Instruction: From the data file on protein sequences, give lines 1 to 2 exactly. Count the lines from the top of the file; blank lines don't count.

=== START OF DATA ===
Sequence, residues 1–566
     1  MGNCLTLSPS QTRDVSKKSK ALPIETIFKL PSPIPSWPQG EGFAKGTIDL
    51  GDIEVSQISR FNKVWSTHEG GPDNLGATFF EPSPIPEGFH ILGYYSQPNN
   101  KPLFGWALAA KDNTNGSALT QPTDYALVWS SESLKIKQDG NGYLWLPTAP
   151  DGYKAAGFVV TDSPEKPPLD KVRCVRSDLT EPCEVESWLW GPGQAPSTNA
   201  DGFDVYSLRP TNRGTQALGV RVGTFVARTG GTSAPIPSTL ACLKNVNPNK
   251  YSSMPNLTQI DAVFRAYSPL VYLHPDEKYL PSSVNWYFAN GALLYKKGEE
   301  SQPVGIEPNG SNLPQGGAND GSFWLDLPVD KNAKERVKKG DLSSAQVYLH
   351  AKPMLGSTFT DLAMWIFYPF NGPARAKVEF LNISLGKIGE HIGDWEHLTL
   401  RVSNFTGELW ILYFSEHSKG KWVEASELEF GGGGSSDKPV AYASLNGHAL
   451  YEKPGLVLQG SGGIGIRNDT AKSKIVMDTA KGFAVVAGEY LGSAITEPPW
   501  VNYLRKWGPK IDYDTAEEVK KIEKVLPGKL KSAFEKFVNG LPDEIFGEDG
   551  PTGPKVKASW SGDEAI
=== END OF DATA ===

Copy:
Sequence, residues 1–566
     1  MGNCLTLSPS QTRDVSKKSK ALPIETIFKL PSPIPSWPQG EGFAKGTIDL